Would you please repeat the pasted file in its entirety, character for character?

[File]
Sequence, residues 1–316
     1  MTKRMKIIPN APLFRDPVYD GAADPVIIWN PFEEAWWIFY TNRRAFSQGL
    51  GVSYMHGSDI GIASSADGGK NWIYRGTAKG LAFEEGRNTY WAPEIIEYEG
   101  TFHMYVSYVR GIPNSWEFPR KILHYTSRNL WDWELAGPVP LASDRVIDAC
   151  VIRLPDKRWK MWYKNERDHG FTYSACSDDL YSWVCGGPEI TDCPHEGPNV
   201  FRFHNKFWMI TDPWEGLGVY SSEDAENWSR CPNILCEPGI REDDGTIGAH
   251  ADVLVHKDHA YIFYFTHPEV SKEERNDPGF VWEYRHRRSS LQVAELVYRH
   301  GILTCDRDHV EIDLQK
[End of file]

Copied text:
Sequence, residues 1–316
     1  MTKRMKIIPN APLFRDPVYD GAADPVIIWN PFEEAWWIFY TNRRAFSQGL
    51  GVSYMHGSDI GIASSADGGK NWIYRGTAKG LAFEEGRNTY WAPEIIEYEG
   101  TFHMYVSYVR GIPNSWEFPR KILHYTSRNL WDWELAGPVP LASDRVIDAC
   151  VIRLPDKRWK MWYKNERDHG FTYSACSDDL YSWVCGGPEI TDCPHEGPNV
   201  FRFHNKFWMI TDPWEGLGVY SSEDAENWSR CPNILCEPGI REDDGTIGAH
   251  ADVLVHKDHA YIFYFTHPEV SKEERNDPGF VWEYRHRRSS LQVAELVYRH
   301  GILTCDRDHV EIDLQK